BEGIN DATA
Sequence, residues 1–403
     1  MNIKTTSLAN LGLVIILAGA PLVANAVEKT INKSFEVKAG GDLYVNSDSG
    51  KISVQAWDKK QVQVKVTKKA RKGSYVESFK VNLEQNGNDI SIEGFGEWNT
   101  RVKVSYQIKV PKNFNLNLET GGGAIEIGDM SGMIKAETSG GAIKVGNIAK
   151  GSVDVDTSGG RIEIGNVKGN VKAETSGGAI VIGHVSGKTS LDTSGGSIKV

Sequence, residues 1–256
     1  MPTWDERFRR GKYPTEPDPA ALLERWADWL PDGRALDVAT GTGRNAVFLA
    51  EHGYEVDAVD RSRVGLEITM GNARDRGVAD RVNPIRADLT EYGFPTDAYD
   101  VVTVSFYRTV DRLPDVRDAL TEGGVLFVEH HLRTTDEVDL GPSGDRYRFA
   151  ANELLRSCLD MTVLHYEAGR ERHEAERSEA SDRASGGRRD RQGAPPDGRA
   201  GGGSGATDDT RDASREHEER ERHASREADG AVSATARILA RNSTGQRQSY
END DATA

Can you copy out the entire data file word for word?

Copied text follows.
Sequence, residues 1–403
     1  MNIKTTSLAN LGLVIILAGA PLVANAVEKT INKSFEVKAG GDLYVNSDSG
    51  KISVQAWDKK QVQVKVTKKA RKGSYVESFK VNLEQNGNDI SIEGFGEWNT
   101  RVKVSYQIKV PKNFNLNLET GGGAIEIGDM SGMIKAETSG GAIKVGNIAK
   151  GSVDVDTSGG RIEIGNVKGN VKAETSGGAI VIGHVSGKTS LDTSGGSIKV

Sequence, residues 1–256
     1  MPTWDERFRR GKYPTEPDPA ALLERWADWL PDGRALDVAT GTGRNAVFLA
    51  EHGYEVDAVD RSRVGLEITM GNARDRGVAD RVNPIRADLT EYGFPTDAYD
   101  VVTVSFYRTV DRLPDVRDAL TEGGVLFVEH HLRTTDEVDL GPSGDRYRFA
   151  ANELLRSCLD MTVLHYEAGR ERHEAERSEA SDRASGGRRD RQGAPPDGRA
   201  GGGSGATDDT RDASREHEER ERHASREADG AVSATARILA RNSTGQRQSY